Monday, March 19, 2007

Budget 2007

Budget 2007 has been posted on the Department of Finance's site.

Via CTV:

Key measures include:

* A new $2,000 child tax credit that will provide up to $310 of tax relief for each child under 18
* The Working Income Tax Benefit, which is intended to assist low-income Canadians who are making the transition from welfare to the workforce.
* $140 million over the next two years toward a Registered Disability Savings Plan
* Resources to the Canada Revenue Agency to detect and close down tax avoidance through offshore tax havens
* A rebate of up to $2,000 to buyers of fuel-efficient cars
* A levy of up to $4,000 on fuel-inefficient vehicles, which does not extend to gas-guzzling pickup trucks
* An increase in the age limit to 71 from 69 for registered retirement savings plans and registered pensions
* $300 million toward offering a vaccine to protect women against cervical cancer
* An end to the marriage penalty by increasing the spousal and other amounts to provide up to $209 of tax relief for a supporting spouse or single taxpayer supporting a child or relative

Thanks to continuing strong employment growth and high corporate earnings, Canada is expected to post a budget surplus in 2006-2007 of $9.2 billion.

Overall government spending next year will total $233.4 billion, up about 7 per cent compared to this year.

The finance minister also committed to pay down at least $3 billion a year on the $472 billion national debt.

About two-thirds of the budget is going toward resolving the so-called fiscal imbalance while the remaining one-third is committed to tax reduction and other spending initiatives, Flaherty said.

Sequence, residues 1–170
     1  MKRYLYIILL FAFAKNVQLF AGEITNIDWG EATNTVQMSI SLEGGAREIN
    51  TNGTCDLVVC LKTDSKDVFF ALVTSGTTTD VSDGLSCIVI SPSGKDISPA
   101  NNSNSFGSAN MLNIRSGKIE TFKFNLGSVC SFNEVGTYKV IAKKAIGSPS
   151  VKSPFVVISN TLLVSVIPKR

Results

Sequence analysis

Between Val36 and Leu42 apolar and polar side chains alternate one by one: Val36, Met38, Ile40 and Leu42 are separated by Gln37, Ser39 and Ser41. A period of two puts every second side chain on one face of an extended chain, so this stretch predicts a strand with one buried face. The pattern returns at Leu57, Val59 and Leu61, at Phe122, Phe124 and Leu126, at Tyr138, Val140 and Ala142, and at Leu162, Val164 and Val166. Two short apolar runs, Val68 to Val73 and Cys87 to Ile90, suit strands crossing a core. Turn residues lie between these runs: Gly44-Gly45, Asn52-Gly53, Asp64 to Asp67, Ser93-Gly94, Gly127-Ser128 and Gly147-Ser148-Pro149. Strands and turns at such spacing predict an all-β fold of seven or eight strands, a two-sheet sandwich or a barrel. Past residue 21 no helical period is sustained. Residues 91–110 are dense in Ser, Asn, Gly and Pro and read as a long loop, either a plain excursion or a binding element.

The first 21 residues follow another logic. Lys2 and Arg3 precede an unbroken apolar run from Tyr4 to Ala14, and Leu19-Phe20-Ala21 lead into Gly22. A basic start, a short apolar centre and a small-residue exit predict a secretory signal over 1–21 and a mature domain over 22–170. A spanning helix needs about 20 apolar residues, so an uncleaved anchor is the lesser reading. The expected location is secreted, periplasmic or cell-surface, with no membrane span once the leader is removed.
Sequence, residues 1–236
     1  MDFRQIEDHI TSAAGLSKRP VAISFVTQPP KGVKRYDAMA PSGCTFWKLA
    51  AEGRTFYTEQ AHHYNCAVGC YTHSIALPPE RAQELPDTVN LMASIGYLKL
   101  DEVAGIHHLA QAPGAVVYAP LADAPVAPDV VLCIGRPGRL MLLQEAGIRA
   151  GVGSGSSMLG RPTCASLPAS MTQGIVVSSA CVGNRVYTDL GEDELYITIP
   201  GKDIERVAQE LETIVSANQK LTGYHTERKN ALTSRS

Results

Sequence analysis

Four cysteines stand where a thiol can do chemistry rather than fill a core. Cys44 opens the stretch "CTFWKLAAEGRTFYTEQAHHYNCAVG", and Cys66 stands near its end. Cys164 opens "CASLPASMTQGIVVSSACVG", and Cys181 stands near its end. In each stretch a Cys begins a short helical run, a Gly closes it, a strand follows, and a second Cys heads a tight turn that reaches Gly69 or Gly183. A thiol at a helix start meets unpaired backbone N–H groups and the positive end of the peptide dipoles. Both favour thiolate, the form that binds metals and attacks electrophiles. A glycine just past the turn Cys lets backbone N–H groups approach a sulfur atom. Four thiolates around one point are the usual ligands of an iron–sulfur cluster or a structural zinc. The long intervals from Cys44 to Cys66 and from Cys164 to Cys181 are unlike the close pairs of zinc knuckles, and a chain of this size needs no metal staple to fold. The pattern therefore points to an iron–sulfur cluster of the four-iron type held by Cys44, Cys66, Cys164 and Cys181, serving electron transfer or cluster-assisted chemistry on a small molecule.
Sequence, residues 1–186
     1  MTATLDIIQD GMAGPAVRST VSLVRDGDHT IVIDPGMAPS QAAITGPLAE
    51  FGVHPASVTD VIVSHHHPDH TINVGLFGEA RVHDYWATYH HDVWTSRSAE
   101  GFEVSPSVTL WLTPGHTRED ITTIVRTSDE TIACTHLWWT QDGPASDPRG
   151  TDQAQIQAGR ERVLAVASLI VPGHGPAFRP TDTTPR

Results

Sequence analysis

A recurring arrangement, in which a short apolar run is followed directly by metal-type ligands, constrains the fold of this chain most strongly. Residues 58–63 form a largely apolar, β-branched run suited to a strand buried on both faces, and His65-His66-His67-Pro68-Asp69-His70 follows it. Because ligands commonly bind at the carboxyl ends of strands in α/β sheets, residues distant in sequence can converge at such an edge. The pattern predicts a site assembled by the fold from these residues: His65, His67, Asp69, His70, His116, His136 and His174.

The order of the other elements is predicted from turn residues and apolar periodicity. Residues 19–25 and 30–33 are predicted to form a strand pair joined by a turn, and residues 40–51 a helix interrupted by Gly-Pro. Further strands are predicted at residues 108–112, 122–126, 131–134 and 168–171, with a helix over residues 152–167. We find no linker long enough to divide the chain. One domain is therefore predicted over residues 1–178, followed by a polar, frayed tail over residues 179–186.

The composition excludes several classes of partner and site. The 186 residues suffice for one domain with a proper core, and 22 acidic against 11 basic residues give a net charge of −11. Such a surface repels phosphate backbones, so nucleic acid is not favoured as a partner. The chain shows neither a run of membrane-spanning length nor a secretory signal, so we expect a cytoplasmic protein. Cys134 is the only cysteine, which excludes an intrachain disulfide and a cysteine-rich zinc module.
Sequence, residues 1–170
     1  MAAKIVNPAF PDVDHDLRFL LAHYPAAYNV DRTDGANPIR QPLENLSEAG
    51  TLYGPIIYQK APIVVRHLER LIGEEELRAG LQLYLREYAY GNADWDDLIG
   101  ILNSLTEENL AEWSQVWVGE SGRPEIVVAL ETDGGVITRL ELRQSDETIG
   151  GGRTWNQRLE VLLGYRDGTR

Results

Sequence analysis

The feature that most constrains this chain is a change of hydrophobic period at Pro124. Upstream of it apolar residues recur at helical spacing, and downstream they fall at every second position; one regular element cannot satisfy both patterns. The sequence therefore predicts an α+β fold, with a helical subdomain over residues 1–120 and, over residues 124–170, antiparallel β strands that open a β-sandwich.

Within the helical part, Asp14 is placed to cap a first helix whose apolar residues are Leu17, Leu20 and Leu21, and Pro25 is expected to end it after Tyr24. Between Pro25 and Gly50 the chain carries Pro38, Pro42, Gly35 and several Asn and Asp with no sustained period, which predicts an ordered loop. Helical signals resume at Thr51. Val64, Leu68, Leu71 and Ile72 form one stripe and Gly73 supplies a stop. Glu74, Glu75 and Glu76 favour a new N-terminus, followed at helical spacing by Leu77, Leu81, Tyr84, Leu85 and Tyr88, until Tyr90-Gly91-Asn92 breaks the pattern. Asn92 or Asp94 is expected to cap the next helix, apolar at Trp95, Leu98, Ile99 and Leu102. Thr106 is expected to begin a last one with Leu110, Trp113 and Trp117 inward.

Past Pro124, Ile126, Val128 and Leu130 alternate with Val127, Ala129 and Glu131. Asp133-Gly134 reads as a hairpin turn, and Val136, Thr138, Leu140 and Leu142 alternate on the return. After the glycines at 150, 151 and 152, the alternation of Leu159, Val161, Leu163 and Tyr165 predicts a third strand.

I haven't had the chance to review everything yet and the opposition responses aren't in at the time of this writing. I'll add them once they're available.

I hesitate to add this because some might think it's selfish or that I'm unable to see the impact on society of some of the larger measures announced but, as a mid-40s woman on permanent disability living well below the poverty line, there's nothing I can see in these announcements that will have a directly positive impact on my daily life or standard of living. It's been that way every year for a long time now. I think too many of us are too often forgotten...

Opposition party reactions:
Budget fails to close prosperity gap: NDP
Liberals: Conservative Budget Fails Canadians
Bloc likes Canada budget; government may survive
More from Duceppe:

Duceppe had this to say: "He (Prime Minister Stephen Harper) went around Canada last week saying he doesn't want an election ... he should say thank you to us."

I caught a bit of an interview with Elizabeth May who said her Green party certainly wouldn't have supported this budget either.

First Nations response from Phil Fontaine on CBC: "I'm extremely disappointed and seriously frustrated."

And what was that I heard Andrew Coyne say on CBC? That this Conservative finance minister was the biggest spender in the history of the country? That doesn't sound very "conservative" to me.

Via The Globe & Mail:

The rapid spending growth brought concern from economists and business groups, who noted Mr. Flaherty is promising restraint later, but spending big now.

"We are certainly overspending," said Nancy Hughes-Anthony, president of the Canadian Chamber of Commerce. "I'm concerned because the level is not sustainable."

"We're spending on everything from the CFL to truckers' lunches."

Truckers' lunches? I missed that line item...

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